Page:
Ostia Antica (district)

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For other places with the same name, see Ostia (disambiguation).
The Castle of Julius II in Ostia Antica.
The square of Ostia Antica, with the church of Santa Aurea on the right.

Ostia Antica is a district in the commune of Rome, Italy, five kilometers away from the coast. It is distinct from Ostia.


For ancient history of the site, see Ostia Antica.

Under the Romans, Ostia Antica reached a peak of some 75,000 inhabitants in the 2nd and 3rd century AD. A slow decline began with the time of Constantine I, and the decaying conditions of the city were mentioned by St. Augustine when he passed through in the late 4th century. His mother, St. Monica, died in an inn here. The poet Rutilius Namatianus also reported the lack of maintenance of the city in 414. Ostia became an episcopal see as early as the 3rd century AD, with the cathedral (titulus) of Santa Aurea erected over the tomb of St. Monica.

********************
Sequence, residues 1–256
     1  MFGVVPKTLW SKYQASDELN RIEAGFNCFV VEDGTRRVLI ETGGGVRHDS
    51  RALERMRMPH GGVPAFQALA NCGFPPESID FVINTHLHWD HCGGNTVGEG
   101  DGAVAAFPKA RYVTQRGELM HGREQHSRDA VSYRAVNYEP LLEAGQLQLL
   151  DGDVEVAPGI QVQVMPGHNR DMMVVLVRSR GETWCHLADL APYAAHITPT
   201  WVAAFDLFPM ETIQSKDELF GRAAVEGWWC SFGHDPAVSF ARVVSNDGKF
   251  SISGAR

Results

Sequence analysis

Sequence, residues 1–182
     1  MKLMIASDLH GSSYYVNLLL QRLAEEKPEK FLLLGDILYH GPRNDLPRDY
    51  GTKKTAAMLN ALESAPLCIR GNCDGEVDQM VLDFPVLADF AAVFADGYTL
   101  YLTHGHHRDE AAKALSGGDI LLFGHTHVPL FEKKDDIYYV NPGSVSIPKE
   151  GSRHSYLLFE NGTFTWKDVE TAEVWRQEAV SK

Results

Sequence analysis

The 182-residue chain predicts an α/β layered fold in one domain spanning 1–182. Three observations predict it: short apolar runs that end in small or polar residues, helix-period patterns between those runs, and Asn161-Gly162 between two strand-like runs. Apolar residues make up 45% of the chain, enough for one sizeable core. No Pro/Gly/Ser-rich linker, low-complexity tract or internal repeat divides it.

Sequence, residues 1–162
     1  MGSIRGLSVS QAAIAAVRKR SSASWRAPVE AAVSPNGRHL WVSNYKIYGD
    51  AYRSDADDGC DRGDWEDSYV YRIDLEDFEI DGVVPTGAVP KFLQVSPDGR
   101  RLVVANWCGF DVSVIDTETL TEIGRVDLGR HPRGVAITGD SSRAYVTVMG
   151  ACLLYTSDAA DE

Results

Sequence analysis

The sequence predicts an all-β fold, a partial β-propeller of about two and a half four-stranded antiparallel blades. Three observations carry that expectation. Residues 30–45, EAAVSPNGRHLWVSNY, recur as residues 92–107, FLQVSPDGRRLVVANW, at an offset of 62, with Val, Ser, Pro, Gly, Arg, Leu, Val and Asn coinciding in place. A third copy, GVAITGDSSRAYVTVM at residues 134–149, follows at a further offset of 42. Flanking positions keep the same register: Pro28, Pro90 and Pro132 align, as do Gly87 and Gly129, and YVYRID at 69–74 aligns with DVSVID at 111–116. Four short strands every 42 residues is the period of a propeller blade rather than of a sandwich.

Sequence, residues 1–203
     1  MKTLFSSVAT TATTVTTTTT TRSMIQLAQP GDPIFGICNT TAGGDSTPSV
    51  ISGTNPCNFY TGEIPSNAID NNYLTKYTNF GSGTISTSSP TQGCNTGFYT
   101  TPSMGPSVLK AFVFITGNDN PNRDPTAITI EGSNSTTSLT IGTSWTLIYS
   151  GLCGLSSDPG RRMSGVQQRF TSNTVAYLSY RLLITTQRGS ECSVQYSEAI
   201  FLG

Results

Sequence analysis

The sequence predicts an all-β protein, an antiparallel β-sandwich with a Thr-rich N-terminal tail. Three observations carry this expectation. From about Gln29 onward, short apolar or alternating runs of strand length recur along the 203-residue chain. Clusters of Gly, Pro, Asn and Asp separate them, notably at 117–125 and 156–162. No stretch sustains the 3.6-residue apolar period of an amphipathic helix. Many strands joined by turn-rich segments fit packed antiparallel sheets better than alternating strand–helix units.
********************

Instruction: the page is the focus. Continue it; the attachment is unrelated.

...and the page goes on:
As the centuries passed, Ostia fell into ruin but remained an access from the sea for visitors to Rome. Saracen pirates were a frequent concern; the naval Battle of Ostia was fought off the coast in 849. Pope Gregory IV fortified the existing burgh and it was rechristened Gregoriopolis. By this time, the shifting course of the Tiber had landlocked the ancient port, and the town was mainly a shelter for the workers of the nearby salt mills.

In the late 15th century, the bishop Giuliano della Rovere (later Pope Julius II) commissioned the rebuilding of the main church and town walls under the direction of the architect Baccio Pontelli. The Castle of Julius II, also built at this time, remains the most striking feature of modern Ostia. The castle was abandoned after a flood in 1587 flooded its moat and turned the surrounding area into a marsh.

The castle and the town were restored again in the 20th century.

In popular culture[edit]


Coordinates: 41°45′16″N 12°17′15″E / 41.75444°N 12.28750°E / 41.75444; 12.28750